There is nothing worse than getting a mechanical in the middle of nowhere without tools to fix the problem. Carrying tools is essential but sometimes you just don't want to wear a hydration pack to bring them along. Our friend Kevin Tabata shares his experience with the OneUp EDC Plug and Pliers Tool Kit. Check it out!
Ditching the pack on shorter rides is one of the best things I’ve done in recent years. The OneUp Components EDC Tool, in my opinion, has to be the most elegant way to move most tools to the bike. It’s impressively compact and despite its size, the EDC Tool includes almost everything I would ever need for trail-side repairs. On top of that, it’s discrete when installed.
I opted to install the EDC Plug and Plier Kit to the bottom of the EDC Tool. Having the quick-link plier may be redundant when the multi-tool already includes a quick-link tool, but I’ve found the plier to be easier to use. In the end, I could always remove the plier from the storage container and replace it with, say, beer money.
Installation in the steerer tube requires threads to be tapped, which was an easy task with the OneUp tap kit. While some might not like the idea of modifying a part of the fork, I personally didn’t have any concerns. I’ve read somewhere that this could void the warranty on the fork uppers, so that’s something to consider.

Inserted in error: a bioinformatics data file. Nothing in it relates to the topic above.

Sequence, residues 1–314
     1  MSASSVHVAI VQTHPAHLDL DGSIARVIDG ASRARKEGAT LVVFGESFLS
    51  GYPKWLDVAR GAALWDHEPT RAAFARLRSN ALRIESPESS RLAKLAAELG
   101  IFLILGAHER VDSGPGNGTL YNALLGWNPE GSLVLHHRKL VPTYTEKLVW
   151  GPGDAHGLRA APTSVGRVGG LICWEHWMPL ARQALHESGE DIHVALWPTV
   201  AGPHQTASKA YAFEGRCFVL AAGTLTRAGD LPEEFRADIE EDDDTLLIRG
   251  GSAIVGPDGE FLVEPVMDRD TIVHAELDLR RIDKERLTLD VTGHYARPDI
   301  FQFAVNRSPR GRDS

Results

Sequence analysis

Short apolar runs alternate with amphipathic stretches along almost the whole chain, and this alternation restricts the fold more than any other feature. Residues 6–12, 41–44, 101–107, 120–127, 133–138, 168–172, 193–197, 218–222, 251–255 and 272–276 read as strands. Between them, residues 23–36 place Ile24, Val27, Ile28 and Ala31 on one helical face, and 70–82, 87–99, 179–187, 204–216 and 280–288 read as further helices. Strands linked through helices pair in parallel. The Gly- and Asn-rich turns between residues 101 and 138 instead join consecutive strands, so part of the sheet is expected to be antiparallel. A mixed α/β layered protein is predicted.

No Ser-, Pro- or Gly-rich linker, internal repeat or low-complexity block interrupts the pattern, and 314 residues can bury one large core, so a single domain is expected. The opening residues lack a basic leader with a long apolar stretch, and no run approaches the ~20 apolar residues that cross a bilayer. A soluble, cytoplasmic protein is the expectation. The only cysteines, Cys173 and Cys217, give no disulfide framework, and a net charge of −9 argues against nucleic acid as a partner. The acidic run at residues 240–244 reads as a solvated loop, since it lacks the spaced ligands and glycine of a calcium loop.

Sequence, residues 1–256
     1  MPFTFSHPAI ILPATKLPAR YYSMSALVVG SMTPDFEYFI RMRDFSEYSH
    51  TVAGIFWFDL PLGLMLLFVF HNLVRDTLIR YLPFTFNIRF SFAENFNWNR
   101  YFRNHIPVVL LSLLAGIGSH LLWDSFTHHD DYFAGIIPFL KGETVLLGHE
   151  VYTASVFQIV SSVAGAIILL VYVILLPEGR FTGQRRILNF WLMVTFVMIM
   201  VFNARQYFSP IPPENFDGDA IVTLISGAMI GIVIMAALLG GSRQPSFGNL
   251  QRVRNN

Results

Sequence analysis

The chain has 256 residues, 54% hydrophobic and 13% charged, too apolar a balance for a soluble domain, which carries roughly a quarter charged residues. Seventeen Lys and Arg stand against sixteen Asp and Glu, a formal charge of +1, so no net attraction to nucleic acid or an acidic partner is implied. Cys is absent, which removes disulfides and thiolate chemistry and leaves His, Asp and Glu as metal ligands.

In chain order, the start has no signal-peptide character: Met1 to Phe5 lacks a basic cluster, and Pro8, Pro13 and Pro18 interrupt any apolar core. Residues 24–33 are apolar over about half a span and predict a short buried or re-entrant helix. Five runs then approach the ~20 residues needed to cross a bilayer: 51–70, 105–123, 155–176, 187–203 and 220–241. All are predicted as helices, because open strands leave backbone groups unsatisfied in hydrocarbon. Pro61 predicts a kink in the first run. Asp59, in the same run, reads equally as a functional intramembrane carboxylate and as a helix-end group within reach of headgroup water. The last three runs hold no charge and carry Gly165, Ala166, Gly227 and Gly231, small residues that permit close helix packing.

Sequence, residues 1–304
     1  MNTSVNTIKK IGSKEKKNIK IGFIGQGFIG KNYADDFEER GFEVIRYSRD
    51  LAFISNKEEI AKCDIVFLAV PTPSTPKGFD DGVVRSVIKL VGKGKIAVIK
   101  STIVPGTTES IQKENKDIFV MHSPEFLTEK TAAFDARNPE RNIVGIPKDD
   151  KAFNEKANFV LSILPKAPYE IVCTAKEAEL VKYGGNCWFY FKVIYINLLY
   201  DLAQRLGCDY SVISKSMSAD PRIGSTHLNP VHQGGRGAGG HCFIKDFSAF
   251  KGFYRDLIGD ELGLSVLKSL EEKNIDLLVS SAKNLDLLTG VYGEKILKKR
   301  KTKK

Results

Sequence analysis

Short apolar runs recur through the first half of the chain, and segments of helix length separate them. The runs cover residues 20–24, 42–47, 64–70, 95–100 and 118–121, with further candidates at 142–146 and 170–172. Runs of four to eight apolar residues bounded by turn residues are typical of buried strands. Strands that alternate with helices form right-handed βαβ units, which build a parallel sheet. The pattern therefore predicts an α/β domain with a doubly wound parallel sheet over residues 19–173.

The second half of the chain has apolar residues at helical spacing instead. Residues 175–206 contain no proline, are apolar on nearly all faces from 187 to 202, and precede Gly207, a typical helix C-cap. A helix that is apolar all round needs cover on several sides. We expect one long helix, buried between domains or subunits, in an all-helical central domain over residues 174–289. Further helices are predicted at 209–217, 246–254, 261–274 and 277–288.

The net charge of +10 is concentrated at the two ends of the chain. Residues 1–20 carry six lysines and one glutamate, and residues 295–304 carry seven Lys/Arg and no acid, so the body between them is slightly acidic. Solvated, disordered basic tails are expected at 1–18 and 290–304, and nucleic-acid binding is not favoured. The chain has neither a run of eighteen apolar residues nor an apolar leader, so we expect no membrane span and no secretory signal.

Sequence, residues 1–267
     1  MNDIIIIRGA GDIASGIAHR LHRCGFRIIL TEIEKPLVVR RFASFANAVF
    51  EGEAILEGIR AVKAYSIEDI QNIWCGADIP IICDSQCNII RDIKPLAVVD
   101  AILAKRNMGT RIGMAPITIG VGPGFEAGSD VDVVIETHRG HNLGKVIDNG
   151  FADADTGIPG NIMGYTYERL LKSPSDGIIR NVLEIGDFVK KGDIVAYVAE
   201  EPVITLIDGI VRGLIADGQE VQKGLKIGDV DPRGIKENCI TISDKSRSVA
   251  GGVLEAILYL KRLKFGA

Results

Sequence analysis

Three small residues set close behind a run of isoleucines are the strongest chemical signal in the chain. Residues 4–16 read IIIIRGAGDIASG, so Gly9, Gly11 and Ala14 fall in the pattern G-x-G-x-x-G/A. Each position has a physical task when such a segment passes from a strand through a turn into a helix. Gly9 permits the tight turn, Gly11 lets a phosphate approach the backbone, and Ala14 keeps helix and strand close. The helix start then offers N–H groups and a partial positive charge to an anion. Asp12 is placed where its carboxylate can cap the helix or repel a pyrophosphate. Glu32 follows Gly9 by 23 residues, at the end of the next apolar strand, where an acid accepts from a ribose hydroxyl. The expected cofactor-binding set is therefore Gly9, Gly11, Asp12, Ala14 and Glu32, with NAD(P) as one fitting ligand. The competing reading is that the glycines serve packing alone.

One other item required with the EDC Tool is the OneUp Components EDC Top Cap (with the included plug for the bottom of the steerer) to store and secure the tool in the steerer tube. With this, I haven’t heard any rattling or experienced any other annoyances that would make me want to strip down my bike. I also have the EDC Pump (70cc), which has an integrated CO2 inflator, so it made sense to store a CO2 cartridge in the pump.
One thing I did before my first ride with the EDC Tool was to make sure I understood how to use the bits that aren’t as obvious to use such as the quick-link tool, top cap adjuster, and even the chain tool. I’d like to think that I’m smart enough to figure it out, but I’d rather not waste time on the trail when others are waiting, I’m in the middle of a race, or if I’m caught in a storm.
The EDC Tool is a winner in my books and unless the steerer tube doesn’t allow it, I’ll be installing it on future bikes.
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